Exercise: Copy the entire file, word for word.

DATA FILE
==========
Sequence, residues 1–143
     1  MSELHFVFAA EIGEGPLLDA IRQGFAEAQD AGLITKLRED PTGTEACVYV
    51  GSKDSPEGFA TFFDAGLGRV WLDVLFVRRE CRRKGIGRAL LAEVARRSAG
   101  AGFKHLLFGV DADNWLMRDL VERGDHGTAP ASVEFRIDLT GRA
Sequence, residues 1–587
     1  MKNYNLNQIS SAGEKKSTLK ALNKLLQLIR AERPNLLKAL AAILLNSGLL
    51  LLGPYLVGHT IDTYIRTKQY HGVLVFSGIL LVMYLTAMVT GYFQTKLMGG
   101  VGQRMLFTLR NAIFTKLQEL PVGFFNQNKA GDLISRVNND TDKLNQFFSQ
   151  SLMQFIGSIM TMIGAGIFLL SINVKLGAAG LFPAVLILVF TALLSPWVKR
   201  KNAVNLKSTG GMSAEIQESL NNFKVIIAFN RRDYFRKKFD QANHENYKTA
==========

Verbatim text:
Sequence, residues 1–143
     1  MSELHFVFAA EIGEGPLLDA IRQGFAEAQD AGLITKLRED PTGTEACVYV
    51  GSKDSPEGFA TFFDAGLGRV WLDVLFVRRE CRRKGIGRAL LAEVARRSAG
   101  AGFKHLLFGV DADNWLMRDL VERGDHGTAP ASVEFRIDLT GRA
Sequence, residues 1–587
     1  MKNYNLNQIS SAGEKKSTLK ALNKLLQLIR AERPNLLKAL AAILLNSGLL
    51  LLGPYLVGHT IDTYIRTKQY HGVLVFSGIL LVMYLTAMVT GYFQTKLMGG
   101  VGQRMLFTLR NAIFTKLQEL PVGFFNQNKA GDLISRVNND TDKLNQFFSQ
   151  SLMQFIGSIM TMIGAGIFLL SINVKLGAAG LFPAVLILVF TALLSPWVKR
   201  KNAVNLKSTG GMSAEIQESL NNFKVIIAFN RRDYFRKKFD QANHENYKTA